I need help un-joining a travel club

The letters between Michael Lefelstein and Island Trader Vacations are increasingly desperate.

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There’s one complaining that he couldn’t redeem his travel rewards. Another says he couldn’t get the service he’d been promised. And finally, there’s a letter asking for a full refund of the $4,600 membership fee and $199 annual fee.

You guessed it — Island Trader Vacations is a travel club.

Disclosure: I’m on record as saying the only legitimate travel club I know of is AAA. I’ve mediated numerous cases involving unhappy consumers who had purchased pricey travel club memberships and intransigent companies that refused to refund their money. This case does little to change my opinion.

Lefelstein says he wants me to help him get a refund, but I think the real reason he wrote to me was so that I’d write about his situation. I’m happy to do so, and if enough readers want me to pursue this case, I will also reach out to Island Trader Vacations to see what they have to say.

Island Trader doesn’t make any specific promises on its site. For example, if you try to get information about the “benefits” of your $4,600 membership, you’ll find this answer on its site:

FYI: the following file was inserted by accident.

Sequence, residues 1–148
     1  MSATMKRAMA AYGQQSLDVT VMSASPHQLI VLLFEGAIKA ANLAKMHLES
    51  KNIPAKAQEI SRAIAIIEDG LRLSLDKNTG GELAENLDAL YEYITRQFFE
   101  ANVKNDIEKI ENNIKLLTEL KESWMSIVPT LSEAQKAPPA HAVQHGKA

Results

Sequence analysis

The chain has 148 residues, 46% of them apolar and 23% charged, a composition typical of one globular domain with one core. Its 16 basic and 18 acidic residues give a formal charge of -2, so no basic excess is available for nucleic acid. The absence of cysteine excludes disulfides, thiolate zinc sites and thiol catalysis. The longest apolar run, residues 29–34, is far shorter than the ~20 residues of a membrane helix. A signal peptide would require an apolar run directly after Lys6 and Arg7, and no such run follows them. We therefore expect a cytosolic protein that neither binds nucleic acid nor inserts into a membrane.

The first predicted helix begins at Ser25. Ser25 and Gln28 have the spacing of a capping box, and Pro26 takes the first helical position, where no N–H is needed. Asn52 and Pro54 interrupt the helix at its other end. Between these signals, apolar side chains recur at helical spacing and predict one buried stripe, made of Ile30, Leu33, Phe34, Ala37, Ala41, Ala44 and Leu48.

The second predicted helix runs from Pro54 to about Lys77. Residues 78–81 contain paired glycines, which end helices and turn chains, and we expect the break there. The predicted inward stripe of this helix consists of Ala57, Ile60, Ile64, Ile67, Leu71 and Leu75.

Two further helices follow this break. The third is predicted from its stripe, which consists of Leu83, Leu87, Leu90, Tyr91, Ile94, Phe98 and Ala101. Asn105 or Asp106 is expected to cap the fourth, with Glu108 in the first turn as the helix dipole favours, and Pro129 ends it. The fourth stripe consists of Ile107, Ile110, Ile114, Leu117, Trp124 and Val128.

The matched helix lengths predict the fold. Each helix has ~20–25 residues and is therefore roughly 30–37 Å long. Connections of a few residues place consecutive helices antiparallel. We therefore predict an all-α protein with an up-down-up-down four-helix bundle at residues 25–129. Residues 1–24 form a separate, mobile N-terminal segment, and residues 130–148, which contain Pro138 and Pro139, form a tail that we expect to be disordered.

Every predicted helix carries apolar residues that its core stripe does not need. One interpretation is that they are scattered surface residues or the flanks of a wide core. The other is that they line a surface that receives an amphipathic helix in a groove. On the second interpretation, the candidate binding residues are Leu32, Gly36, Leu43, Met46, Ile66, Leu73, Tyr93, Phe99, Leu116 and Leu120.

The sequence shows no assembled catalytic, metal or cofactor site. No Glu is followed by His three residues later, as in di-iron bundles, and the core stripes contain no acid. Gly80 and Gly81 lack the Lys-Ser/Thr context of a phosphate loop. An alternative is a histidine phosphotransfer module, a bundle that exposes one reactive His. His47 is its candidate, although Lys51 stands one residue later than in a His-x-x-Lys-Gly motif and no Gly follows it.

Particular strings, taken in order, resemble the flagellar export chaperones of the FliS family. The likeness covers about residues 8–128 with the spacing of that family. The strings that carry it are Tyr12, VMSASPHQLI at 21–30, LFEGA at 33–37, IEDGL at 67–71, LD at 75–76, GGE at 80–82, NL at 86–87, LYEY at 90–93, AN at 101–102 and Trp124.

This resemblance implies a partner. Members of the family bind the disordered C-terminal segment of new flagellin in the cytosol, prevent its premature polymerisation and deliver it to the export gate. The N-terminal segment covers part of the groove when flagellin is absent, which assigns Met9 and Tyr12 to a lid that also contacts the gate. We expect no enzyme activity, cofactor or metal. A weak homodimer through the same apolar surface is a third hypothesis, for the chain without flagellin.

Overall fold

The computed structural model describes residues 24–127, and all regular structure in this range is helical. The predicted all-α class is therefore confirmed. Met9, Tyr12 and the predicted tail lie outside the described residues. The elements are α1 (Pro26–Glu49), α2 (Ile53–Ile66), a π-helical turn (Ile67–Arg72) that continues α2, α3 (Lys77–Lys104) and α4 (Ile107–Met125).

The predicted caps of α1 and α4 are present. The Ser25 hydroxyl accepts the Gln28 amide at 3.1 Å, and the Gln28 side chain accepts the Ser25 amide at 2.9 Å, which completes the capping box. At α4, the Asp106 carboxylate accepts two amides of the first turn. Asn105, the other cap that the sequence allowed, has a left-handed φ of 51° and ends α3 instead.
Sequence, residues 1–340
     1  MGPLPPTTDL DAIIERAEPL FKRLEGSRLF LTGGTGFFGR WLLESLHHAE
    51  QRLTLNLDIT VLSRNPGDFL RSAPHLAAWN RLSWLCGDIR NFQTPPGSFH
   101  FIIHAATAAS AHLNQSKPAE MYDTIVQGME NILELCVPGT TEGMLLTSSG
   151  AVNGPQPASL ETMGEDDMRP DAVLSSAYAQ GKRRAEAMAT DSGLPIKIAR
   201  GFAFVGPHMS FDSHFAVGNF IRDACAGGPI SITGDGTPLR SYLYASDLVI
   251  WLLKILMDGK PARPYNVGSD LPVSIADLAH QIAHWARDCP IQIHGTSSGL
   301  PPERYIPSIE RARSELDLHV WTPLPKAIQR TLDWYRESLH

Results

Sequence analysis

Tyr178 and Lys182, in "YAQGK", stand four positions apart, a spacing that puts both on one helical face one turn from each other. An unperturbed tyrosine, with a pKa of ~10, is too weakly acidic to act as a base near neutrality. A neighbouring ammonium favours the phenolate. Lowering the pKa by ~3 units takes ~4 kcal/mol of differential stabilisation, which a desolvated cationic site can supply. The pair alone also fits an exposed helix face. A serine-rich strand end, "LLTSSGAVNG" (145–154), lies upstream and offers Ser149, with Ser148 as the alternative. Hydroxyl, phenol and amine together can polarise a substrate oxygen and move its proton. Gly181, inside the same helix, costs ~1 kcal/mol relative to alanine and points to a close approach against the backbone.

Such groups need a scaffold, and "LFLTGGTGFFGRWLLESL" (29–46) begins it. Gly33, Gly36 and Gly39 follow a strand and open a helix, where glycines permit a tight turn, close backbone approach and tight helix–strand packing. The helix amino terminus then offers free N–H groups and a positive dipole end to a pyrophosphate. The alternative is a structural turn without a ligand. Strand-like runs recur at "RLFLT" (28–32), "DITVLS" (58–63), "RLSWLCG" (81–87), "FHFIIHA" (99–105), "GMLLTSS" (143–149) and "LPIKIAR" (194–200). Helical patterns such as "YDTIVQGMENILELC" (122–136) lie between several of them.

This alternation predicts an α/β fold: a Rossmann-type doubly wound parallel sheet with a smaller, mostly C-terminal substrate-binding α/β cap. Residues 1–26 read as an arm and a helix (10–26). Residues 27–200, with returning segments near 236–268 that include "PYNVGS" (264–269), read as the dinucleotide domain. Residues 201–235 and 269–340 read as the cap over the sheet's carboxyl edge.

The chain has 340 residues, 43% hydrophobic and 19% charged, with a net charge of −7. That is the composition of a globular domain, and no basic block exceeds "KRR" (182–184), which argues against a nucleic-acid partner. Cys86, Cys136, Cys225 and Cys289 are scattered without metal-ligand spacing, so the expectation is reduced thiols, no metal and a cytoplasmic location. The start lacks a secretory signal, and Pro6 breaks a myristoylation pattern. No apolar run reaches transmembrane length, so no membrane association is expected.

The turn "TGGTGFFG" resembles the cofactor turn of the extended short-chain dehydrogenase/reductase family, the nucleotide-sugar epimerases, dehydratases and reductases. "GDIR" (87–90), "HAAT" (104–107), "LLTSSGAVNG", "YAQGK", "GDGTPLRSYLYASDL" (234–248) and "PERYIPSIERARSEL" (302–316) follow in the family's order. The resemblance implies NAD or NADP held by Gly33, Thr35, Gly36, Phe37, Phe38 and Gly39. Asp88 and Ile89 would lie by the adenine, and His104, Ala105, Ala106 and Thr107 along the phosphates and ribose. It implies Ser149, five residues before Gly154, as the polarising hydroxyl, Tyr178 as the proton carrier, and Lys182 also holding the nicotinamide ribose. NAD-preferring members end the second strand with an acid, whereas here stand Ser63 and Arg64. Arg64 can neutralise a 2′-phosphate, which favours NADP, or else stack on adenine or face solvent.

Q: What does my membership entitle me to? Also, are there any guidelines I can refer to?

A: Your membership includes many wonderful perks and facets of savings! You can consult your Acknowledgement and Bylaws form that accompanies your membership materials. You signed and initialed this form as a part of opening a new membership. It extensively details the many facets of your membership. You may also check out your Certificate of Membership for additional information on membership benefits.

Well, that’s a non-answer.

What are Lefelstein’s specific complaints?

Where’s my “rebate”? He made two reservations — a trip to Monterey, Calif., and to Long Island, NY — and had been promised a “rebate” for the trip. He never received it.

Yosemite, not Joshua Tree. Lefelstein asked the company to send him information about a Yosemite trip. Instead it sent him information about packages to Joshua Tree. Oops, wrong park. “So much for knowledgeable agents,” he says.

I’m calling the media. Finally, an exasperated Lefelstein threatens to call a local TV station if Island Trader doesn’t cough up a refund. But it appears a deadline set by him has already come and gone.

Island Trader hasn’t responded to any of his letters, he says.

My first thought was that Lefelstein could either invoke a rescission period or initiate a credit card dispute to get out of the club, but a review of Island Trader’s information and his timeline suggests that’s not possible. The club takes its time (10 to 14 days) to send over membership material that could just as easily be sent electronically.

A skeptic might say the company is trying to run down the clock on any possible credit card dispute, but I will leave that for you to decide.

I receive emails from readers several times a week after they’ve attended a presentation for a travel club. My answer is always the same: Don’t walk away — run!

I also dedicate the last chapter of my most recent book to travel clubs. The advice is the same.